The Japanese brand has been a mainstay of the Dakar since the event’s inception in 1979, claiming nine victories in the motorcycle category since then.
However, his last triumph was in 1998, when Stéphane Peterhansel claimed the last of his six Dakar victories on two wheels on a Yamaha.
Success has been harder to come by in recent years amid KTM and Honda dominance, with its last podium finish dating back to 2014 when Olivier Pain finished third.
Adrien van Beveren was Yamaha’s top finisher at the 2022 edition in Saudi Arabia last month in fourth place.
Despite the end of its factory motorcycle presence, Yamaha will not abandon the Dakar altogether, as it is committed to continuing to support the SSV class.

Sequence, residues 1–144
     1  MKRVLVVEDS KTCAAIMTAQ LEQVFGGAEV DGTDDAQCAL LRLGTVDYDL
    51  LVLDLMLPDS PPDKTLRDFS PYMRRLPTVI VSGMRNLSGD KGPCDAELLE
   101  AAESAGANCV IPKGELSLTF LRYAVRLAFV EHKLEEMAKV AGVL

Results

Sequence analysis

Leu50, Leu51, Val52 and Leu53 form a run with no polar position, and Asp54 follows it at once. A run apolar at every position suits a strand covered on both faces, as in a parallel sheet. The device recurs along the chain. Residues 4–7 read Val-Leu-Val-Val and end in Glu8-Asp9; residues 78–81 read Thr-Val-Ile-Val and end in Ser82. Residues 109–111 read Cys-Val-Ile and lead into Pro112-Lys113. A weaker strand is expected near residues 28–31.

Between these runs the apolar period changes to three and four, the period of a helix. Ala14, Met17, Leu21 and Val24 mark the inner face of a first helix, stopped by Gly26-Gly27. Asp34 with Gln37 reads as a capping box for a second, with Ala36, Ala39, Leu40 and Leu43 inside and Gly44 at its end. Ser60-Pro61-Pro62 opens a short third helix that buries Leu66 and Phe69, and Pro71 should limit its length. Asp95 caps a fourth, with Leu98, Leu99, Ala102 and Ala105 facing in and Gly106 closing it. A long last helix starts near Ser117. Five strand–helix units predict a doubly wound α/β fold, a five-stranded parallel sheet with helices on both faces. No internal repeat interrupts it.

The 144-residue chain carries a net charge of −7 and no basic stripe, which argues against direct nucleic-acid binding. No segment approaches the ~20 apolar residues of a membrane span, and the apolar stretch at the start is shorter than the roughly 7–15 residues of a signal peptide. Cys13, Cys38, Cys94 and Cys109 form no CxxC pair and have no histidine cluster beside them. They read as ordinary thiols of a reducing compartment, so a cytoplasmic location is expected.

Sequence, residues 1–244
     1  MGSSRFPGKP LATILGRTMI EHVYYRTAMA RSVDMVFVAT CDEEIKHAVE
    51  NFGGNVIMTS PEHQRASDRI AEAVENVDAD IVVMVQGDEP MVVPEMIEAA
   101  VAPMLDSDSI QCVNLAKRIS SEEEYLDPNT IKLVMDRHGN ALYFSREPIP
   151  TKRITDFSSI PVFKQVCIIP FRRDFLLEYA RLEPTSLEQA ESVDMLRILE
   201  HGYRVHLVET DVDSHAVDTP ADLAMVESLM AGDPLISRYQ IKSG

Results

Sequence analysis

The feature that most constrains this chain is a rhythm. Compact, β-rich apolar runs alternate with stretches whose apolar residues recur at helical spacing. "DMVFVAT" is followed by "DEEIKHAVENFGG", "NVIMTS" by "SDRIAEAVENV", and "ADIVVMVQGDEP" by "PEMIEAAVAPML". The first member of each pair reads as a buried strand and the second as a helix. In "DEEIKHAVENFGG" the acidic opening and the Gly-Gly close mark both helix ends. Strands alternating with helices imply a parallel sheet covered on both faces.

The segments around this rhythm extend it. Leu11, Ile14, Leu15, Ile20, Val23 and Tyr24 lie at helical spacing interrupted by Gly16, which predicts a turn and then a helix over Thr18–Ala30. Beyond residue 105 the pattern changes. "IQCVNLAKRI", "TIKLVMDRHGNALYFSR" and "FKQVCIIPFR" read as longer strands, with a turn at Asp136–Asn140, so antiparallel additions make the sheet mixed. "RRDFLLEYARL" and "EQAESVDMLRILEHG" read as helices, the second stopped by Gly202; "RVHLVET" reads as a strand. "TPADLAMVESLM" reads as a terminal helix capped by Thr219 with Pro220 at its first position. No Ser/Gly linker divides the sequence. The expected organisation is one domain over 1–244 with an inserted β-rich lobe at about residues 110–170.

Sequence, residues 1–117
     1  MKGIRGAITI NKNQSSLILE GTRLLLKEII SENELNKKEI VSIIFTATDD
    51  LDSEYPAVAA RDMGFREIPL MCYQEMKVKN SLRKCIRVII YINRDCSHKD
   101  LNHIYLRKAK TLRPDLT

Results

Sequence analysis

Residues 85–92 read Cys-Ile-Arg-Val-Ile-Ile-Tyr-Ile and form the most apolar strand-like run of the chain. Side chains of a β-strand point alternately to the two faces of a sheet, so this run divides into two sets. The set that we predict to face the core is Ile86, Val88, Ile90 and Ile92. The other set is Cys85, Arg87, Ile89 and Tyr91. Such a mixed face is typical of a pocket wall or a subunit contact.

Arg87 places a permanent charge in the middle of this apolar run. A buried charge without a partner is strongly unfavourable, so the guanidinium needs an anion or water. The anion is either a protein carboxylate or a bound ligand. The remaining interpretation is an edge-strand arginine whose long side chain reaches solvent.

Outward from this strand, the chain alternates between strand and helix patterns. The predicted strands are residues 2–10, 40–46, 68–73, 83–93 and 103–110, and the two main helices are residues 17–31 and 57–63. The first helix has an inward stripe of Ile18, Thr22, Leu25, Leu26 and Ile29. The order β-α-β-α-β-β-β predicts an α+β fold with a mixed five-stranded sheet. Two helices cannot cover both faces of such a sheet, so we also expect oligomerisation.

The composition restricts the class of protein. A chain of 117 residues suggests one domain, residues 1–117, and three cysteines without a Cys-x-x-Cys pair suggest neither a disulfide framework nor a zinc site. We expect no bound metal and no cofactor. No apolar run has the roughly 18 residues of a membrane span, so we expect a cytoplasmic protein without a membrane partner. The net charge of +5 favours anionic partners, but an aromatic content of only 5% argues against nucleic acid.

“While the Dakar Rally has mostly managed to stay close to its roots, even when it has left its spiritual home of Africa, the world in which it exists has changed significantly,” said Eric de Seynes, president of Yamaha Motor. Europe.
“Our off-road customers now have different expectations and they are looking for different products, and we have to meet that if we want to stay connected.
“It is for this reason that we have decided to end our long history on two wheels in the Dakar Rally and in the FIM Cross-Country Rallies World Championship, while simultaneously reinforcing our commitment to racing the Dakar on four wheels with the Yamaha YXZ1000R SSV.”
Outside of the Dakar, Yamaha have had some success in the FIM series of off-road rallies, with Helder Rodrigues crowned riders’ champion with the brand in 2011.
Van Beveren finished second in points last year behind KTM’s Matthias Walkner, while teammate Ross Branch took victory in Rally Kazakhstan.